Why Do We Hate Essentializing Nations?

If there is one clear line between history lovers and historians, or journalistic commentators and social scientists, it is probably the fact that scholars are extremely sensitive to any assumption of national characteristics. This also makes us allergic to the phrases like “tradition” and “cultural differences.”

Why do we feel disgusted by these ideas? One clear reason is the accuracy issue. We know a lot of what people consider traditional and culturally unique was created (or “invented” ) together with the modern nation-state. Speaking of which, most of us, including myself, doubt everything the nation-state does for its own sake. I don’t know about other people, but my reaction is quite instant and harsh, and it does feel like I have a real mental allergy to this whole area of thoughts, which I cannot explain just by the historical accuracy. Maybe because we encounter too many histories that are so badly tainted by nationalism, and are tired of it. Or maybe because historians do not want to repeat the same mistake of exoticizing foreign objects that they study as it happened in the past. We feel guilty for what our predecessors kept doing up until a few decades ago. Maybe that is it. I used to force my partner (a male caucasian) to say he likes me “despite how I look (=asian)” just to make sure this is not about exoticization.

I noticed, however, our allergy is making our lives (including my partner’s) harder than necessary. People love anecdotes and conclusions about national essences. They really do. People want to confirm with each other that North Koreans are absolutely bizarre by discussing how people wept on the street when their leader died. I also tell people that the Japanese eat fermented soybeans and seaweed everyday when I sense people want to hear something exotic. Japanese families keep asking foreigners what they think are unique about Japan and how difficult they think the Japanese language is — they love exoticizing themselves! Just recalling all these things makes me feel nauseous now, but they are just enjoying conversations in bars, and this is one of the most polite, and potentially witty, things to talk about with complete strangers. It is only us who feel weirdly distressed in this situation, not knowing whether we should argue back, or just go along with it.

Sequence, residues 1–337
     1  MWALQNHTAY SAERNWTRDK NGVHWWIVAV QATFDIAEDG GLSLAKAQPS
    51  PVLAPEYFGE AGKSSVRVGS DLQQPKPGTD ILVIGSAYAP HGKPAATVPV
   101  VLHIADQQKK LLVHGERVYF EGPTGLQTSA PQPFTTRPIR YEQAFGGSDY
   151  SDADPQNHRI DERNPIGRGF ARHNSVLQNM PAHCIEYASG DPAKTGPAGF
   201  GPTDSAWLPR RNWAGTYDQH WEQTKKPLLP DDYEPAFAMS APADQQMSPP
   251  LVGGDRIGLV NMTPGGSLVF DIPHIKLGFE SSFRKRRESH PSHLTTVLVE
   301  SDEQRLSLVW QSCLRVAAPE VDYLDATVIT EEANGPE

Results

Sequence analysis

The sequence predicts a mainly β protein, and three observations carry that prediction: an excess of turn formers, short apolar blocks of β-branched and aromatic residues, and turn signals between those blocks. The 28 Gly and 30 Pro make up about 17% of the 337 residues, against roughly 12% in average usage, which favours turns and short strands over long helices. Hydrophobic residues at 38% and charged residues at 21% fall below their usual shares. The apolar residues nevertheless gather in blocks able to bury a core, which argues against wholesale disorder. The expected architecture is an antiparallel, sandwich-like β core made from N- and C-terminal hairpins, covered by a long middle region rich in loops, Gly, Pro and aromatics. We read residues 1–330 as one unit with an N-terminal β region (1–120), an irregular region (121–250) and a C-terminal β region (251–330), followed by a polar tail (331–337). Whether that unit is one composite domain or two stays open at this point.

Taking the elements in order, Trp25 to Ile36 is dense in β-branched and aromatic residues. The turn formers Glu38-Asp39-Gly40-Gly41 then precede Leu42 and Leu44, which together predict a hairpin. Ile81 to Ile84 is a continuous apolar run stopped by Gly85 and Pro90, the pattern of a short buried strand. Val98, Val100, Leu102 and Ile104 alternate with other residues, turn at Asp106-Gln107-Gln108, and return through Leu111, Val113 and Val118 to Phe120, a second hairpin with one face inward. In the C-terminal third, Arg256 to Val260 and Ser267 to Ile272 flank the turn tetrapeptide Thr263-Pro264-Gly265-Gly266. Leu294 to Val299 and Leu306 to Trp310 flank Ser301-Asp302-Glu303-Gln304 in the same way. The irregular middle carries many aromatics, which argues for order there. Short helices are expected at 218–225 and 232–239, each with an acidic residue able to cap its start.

Category(s): My Grad School Life

4 Responses to Why Do We Hate Essentializing Nations?

  1. I struggle with this too. Added to the usual is my realization that, deep down, I too was drawn to study japan etc. out of a deep sense of the exotic.

    One really big moment for me in thinking about this was reading Gluck’s newspaper review of the movie Lost in Translation. Her message, which was essentially, “chill out,” was very persuasive. The trick is to chill out without losing a degree of critical reflectiveness, i guess.

    thanks for posting this!

  2. Thanks for your comment, Michi.
    This is how we become sour and misanthropic as we grow old. Have to watch out.

  3. I’ve thought about this issue a million times, and over the years I have arrived at a few reasons why I feel I can legitimately disdain cultural essentialism.

    First, it doesn’t jibe with experience, at least in the long run. In my own life I have invariably found that the more time you spend with different kinds of people, and really get to know them in a non-superficial way, the more you realize that people are essentially the same, everywhere. This doesn’t mean that there aren’t cultural differences, but the more you realize that underneath it all people are just people, with the same wants, needs, hopes, and fears, the more all that “culture” stuff seems to appear pretty darn superficial.

    Second, I find that cultural explanations for why things happen are just super duper lazy. It’s so easy to say, oh, obviously these people behave in this way because they are just different from us. At some level this is very intuitive, so it’s easy to fall into this intellectual trap. But in almost every case, with even a bare minimum of effort to dig beneath the surface, all sorts of historically contextual, structural explanations appear which are much more compelling and take you further in terms of their explanatory power.

    Third, I dislike cultural essentialism because almost by its very nature, it precludes the possibility of change or reform. It’s too easy for people/governments/corporations to justify exploitative or unjust practices by saying oh that’s just part of our essential nature so there’s no point in even trying to change it. So I try to combat cultural essentialism wherever I find it.

    Finally, it’s just fun to puncture cherished myths that people hold, and undo their long-held understandings with FACTs. I love doing this to my students. Does this make me some sort of intellectual sadist? I think not, actually, because most of my students respond extremely positively to this kind of revelation.

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